The subsequent section discusses the results obtained using the methodology developed and the advantages and limitations of each approach.

In both proposed scenarios, the methodology described in this article has been used, the result being a solid methodology to represent the catchment area of the P & R system. In addition, the approach about the parabola orientation that we have proposed is compared with the traditional concept of the parabola orientation. Thus, we can describe in detail each proposed scenario, such as its advantages and its limitations. In general, both scenarios cover areas of the city; however, according to the orientation, the covered areas are different.

Approach one considers the parabola’s orientation according to the major business activity or CBD. Based on this traditional approach, the P & R system’s catchment area covers the eastern and western parts of the city, but the northern and southern areas are not covered. This means that potential users who come from this location do not use the P & R system. In addition, there is an overlap of the catchment areas (parabolas) between them, and there is coverage of multiple facilities in the same area. Therefore, there is an over coverage of some areas and a non-existent coverage of the P & R system in certain areas.

Regarding the second approach in which the parabola orientation is according to the main access to reach the facility, the coverage area is better extended than in the previous approach. Furthermore, the coverage area of the P & R system is not overlapping. This approach is more in line with the reality and operation of the catchment area of a P & R system. In fact, it leads to evidence that a major number of potential users of the P & R system could be considered. However, some zones of the city are not covered. Therefore, the P & R system facilities require reconfiguration according to their location in order to cover most of the urban areas of the city.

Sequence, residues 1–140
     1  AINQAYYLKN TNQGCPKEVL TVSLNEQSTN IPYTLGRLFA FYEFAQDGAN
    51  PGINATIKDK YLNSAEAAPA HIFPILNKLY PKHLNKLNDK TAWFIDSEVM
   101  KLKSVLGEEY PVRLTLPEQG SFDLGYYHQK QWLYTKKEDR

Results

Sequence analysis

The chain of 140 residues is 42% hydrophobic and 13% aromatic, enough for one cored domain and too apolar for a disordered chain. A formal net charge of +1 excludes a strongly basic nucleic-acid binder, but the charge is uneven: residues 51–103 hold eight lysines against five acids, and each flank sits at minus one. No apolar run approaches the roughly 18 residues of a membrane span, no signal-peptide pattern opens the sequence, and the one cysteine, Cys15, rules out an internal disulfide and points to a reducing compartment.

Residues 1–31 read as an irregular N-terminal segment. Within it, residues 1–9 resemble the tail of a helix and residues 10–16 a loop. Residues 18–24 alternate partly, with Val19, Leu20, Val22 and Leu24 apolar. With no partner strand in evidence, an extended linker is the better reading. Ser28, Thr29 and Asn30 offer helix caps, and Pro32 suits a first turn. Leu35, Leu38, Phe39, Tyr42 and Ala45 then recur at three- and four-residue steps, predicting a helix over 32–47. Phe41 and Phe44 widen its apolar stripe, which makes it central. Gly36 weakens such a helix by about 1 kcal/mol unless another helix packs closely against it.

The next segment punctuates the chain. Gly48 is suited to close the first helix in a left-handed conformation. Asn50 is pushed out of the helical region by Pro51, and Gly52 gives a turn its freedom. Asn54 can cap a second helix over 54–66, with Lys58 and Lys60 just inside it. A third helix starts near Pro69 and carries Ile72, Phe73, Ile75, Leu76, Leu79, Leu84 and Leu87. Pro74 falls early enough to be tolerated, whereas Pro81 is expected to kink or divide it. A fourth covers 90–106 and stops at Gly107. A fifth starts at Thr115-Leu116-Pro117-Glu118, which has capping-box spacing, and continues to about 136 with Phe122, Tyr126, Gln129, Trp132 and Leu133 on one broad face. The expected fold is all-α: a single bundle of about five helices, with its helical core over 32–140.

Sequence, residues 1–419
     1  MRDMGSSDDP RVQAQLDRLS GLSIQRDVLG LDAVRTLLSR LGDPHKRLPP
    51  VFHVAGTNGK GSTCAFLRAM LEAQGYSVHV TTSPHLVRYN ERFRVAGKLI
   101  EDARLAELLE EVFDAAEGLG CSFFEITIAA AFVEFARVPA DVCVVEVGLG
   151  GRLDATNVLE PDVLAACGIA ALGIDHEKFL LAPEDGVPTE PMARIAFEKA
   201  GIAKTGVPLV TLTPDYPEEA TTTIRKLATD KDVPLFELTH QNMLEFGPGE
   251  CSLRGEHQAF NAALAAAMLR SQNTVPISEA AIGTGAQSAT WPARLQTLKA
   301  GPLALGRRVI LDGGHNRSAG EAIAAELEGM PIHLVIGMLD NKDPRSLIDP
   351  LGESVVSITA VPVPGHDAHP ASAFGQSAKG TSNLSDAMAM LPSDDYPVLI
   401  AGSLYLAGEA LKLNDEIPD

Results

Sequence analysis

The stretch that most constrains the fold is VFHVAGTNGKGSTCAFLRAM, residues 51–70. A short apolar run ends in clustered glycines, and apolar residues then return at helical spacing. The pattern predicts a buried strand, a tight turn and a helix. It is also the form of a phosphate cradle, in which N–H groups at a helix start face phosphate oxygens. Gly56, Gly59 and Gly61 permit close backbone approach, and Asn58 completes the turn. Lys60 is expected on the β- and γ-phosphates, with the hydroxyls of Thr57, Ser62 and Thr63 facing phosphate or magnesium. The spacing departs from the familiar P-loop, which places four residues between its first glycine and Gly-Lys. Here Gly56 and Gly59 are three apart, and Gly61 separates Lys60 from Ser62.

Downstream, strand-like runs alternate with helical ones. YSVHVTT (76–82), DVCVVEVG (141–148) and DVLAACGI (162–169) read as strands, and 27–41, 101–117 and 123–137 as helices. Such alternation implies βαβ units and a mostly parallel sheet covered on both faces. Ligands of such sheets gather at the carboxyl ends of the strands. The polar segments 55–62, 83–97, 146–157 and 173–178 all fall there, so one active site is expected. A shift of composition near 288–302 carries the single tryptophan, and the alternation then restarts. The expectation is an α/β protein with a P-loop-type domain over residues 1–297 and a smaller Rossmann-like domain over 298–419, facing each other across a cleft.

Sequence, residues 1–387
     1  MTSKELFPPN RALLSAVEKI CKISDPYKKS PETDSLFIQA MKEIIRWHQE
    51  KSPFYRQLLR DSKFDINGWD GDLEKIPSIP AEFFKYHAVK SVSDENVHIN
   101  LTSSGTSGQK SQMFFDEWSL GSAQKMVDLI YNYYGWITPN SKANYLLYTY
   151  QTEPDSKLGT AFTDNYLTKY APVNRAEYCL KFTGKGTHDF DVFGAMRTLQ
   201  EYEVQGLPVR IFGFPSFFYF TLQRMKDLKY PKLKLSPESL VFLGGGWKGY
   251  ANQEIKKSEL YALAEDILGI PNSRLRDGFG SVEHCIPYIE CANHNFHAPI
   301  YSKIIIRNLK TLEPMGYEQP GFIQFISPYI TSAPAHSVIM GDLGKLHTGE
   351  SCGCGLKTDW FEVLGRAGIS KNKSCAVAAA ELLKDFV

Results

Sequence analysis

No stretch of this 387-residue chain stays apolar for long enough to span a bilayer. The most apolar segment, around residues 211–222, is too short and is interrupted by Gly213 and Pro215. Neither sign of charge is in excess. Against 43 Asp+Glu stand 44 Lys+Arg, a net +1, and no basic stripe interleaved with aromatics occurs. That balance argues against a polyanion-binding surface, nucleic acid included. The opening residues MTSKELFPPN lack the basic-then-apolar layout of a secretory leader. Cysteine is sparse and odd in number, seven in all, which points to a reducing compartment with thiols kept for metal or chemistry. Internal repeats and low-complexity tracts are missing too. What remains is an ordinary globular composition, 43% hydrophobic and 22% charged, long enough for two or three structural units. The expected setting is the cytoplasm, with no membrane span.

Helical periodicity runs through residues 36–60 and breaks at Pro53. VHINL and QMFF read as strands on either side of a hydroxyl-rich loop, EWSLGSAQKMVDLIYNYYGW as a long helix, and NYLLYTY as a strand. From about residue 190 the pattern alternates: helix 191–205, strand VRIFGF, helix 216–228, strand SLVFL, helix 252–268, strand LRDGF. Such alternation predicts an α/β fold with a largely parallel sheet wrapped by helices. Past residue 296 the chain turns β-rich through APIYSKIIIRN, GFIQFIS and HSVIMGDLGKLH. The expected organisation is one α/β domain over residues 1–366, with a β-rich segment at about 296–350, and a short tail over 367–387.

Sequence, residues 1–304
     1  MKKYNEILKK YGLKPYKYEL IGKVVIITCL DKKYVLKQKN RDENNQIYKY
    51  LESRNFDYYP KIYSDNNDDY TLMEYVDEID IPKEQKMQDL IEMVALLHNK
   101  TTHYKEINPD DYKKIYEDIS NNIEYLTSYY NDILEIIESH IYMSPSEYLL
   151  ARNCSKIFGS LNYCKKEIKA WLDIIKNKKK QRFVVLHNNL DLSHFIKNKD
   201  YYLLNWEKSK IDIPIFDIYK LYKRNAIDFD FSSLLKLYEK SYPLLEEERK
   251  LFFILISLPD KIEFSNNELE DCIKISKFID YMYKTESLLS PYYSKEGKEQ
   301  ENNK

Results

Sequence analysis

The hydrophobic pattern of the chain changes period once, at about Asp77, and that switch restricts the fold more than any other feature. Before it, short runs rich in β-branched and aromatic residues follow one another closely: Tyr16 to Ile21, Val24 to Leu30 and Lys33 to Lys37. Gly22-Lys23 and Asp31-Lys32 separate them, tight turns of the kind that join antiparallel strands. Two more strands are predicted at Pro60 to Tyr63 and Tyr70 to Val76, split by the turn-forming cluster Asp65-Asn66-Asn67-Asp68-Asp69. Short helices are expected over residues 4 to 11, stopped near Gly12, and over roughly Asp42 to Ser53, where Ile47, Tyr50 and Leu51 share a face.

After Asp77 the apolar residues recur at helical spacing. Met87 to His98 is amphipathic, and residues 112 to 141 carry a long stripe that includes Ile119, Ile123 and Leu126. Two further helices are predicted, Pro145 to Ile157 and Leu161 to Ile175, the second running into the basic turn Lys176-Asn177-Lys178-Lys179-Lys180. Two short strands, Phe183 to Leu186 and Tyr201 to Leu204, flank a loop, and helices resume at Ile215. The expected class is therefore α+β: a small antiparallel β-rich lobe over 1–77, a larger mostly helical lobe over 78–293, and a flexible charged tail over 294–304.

The parabola method to determine the catchment area of the P & R system is a tool that helps transportation planners understand whether the location of P & R system facilities covers most of the city’s urban area. Furthermore, the method helps to verify that the same P & R facility does not cover the same zone. In Latin American cities where this concept is relatively new, it is essential to make an accurate analysis of the location of potential or existing facilities that allow connection to public transport. In fact, few solutions have been given to those who come from remote places or outside the urban area of the city and use private vehicles because of the distance of the journey. A method that helps to encourage private vehicle users to switch to public vehicles is identified as the P & R system. In transport planning, the P & R system can be considered a transport mode, and as with any transport mode, the first study to be carried out is to determine the catchment area. However, in future studies, transportation planners must link this method and add demand, accessibility measurements, trip generating points, and the interaction of the P & R system with public transportation. One of the limitations is that this method was applied to a set of facilities that are connected to a single public transport system network such as the LRT. However, applying this method to the different public transport lines that cover a city (e.g., bus, metro, LRT) and that are connected to the P & R system could help to understand precisely the P & R system’s catchment area. In addition, the type of city configuration and the number of P & R system facilities impacts on the study of the P & R system catchment area in an urban area. However, this new approach to the parabola orientation opens the door to new P & R studies, mainly because of its easy implementation, which makes it a useful tool for cities that want to implement a P & R system. Thus, transport planners can determine the catchment area of each facility in advance of its implementation. In addition, further research on adding new parameters to this parabola methodology leads to the development of a more accurate model.